Dr. Norma Mickelson is UVic's first female chancellor. The former dean of education was elected by members of convocation and took over her responsibilities on Jan. 1.
Mickelson became a lecturer at UVic in 1967 in the faculty of education. Her specialty was literacy. She was appointed dean of the faculty in 1980--the first woman academic dean in Canada--and appointed advisor to the vice president on women's academic issues in 1986. She has long been a leader in the area of gender bias in university learning, teaching and research and set up UVic's equity office after being named special advisor to the president on equity issues in 1989.
Mickelson, who won the 1991 Sarah Shorten Award from the Canadian Association of University Teachers (CAUT) and UVic's Distinguished Alumni Award in 1995, is the eighth chancellor of UVic and will hold a three year term. Mickelson replaces Robert Rogers, who was UVic chancellor from 1991 to 1996.
UVic's law school has been rated number one in the country for the second year in a row in a survey of almost 400 recent law school graduates conducted by Canadian Lawyer magazine for its January issue. The graduates were asked to rate the quality of their alma mater in six categories including curriculum, quality of law faculty and fellow students, standards of testing, adequacy of facilities and technology and relevance of their education to actual law practice.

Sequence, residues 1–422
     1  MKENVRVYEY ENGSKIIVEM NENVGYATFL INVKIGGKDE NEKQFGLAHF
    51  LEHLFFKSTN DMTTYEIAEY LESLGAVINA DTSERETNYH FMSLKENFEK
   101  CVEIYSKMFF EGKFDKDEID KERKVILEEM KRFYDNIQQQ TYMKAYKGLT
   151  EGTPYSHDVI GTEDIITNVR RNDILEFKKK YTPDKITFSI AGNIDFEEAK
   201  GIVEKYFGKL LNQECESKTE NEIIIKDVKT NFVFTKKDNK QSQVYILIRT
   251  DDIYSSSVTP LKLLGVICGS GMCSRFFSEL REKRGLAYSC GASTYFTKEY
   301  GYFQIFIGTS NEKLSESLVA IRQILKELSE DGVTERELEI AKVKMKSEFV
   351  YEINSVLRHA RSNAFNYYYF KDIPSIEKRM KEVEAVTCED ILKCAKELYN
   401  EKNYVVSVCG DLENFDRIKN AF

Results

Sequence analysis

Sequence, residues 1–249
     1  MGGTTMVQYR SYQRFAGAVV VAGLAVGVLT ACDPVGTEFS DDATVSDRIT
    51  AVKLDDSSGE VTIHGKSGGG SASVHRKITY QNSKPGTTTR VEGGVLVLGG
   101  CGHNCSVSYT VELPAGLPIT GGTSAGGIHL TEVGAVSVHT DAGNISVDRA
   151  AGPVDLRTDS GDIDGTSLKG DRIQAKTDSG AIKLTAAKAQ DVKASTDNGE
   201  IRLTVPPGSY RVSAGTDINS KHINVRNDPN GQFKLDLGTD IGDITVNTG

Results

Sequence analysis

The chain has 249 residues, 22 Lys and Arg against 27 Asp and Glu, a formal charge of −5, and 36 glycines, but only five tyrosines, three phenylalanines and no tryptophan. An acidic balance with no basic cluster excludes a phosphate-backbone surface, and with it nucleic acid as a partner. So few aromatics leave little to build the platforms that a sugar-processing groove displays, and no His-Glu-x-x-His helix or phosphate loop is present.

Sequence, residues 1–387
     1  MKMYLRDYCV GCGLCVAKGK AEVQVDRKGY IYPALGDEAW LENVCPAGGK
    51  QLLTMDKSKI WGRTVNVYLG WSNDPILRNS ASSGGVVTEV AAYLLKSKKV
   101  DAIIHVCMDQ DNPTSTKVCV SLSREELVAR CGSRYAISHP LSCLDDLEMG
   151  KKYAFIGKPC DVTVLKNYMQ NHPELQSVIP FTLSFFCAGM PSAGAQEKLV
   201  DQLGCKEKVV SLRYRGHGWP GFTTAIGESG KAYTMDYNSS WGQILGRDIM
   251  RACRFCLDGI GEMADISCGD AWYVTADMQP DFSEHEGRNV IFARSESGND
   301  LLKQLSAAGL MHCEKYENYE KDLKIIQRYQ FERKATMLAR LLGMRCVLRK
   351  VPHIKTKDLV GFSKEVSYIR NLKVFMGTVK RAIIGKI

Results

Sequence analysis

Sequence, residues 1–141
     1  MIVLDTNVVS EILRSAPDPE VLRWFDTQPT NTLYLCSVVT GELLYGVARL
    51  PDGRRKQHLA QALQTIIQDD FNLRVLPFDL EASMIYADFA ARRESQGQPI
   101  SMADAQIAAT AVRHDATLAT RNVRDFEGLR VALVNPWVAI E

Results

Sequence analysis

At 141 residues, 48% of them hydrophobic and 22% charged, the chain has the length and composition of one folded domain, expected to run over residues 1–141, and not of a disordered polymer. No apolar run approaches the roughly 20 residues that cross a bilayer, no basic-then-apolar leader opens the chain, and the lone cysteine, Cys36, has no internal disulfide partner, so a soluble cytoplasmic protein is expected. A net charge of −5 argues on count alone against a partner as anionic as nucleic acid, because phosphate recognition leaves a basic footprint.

UVic's law faculty was given a final grade of A minus, the same overall mark as second place University of New Brunswick and third place University of Toronto. UVic placed first because of the glowing reviews given by students about the rapport they enjoy with faculty members. "A giant family, really, in a great setting," said one.
Michael Cullen (English) has won the 1996 Praxis screen-writing competition for his screenplay Goodnight, Sammy Wong. He beat out almost 70 scripts from across Canada. Praxis, which is supported in part by Telefilm Canada, British Columbia Film and Rogers Cablesystems, supports the production of innovative Canadian feature films through screenplay development.
Cullen's screenplay, which is based on his novel by the same name, looks at the seamy, pulsing underbelly of life in Lethbridge, Alberta, the "centre of the universe, where people struggle to be the same," explains Cullen. The novel was optioned in 1995 as a feature film by Frame 30 Productions, which then employed Cullen to write the screenplay. The film will be shot this summer.